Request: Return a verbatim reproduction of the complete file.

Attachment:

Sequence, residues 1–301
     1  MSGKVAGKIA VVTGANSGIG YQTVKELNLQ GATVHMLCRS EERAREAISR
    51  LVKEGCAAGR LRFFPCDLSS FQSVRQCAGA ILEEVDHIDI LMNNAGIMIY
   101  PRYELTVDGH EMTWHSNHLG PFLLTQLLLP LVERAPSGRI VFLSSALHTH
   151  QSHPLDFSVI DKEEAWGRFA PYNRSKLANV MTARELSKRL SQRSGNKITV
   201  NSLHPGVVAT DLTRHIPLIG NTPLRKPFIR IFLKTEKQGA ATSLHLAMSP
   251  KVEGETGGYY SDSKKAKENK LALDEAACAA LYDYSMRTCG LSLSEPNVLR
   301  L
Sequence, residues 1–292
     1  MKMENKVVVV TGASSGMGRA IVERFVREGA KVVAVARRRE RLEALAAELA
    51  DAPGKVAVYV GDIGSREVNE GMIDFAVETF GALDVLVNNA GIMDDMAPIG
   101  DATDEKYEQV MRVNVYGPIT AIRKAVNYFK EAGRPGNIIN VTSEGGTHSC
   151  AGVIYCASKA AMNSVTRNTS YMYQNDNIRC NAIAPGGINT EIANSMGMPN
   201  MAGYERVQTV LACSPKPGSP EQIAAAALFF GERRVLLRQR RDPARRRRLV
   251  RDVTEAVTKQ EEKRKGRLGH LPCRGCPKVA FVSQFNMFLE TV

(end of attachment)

Sequence, residues 1–301
     1  MSGKVAGKIA VVTGANSGIG YQTVKELNLQ GATVHMLCRS EERAREAISR
    51  LVKEGCAAGR LRFFPCDLSS FQSVRQCAGA ILEEVDHIDI LMNNAGIMIY
   101  PRYELTVDGH EMTWHSNHLG PFLLTQLLLP LVERAPSGRI VFLSSALHTH
   151  QSHPLDFSVI DKEEAWGRFA PYNRSKLANV MTARELSKRL SQRSGNKITV
   201  NSLHPGVVAT DLTRHIPLIG NTPLRKPFIR IFLKTEKQGA ATSLHLAMSP
   251  KVEGETGGYY SDSKKAKENK LALDEAACAA LYDYSMRTCG LSLSEPNVLR
   301  L
Sequence, residues 1–292
     1  MKMENKVVVV TGASSGMGRA IVERFVREGA KVVAVARRRE RLEALAAELA
    51  DAPGKVAVYV GDIGSREVNE GMIDFAVETF GALDVLVNNA GIMDDMAPIG
   101  DATDEKYEQV MRVNVYGPIT AIRKAVNYFK EAGRPGNIIN VTSEGGTHSC
   151  AGVIYCASKA AMNSVTRNTS YMYQNDNIRC NAIAPGGINT EIANSMGMPN
   201  MAGYERVQTV LACSPKPGSP EQIAAAALFF GERRVLLRQR RDPARRRRLV
   251  RDVTEAVTKQ EEKRKGRLGH LPCRGCPKVA FVSQFNMFLE TV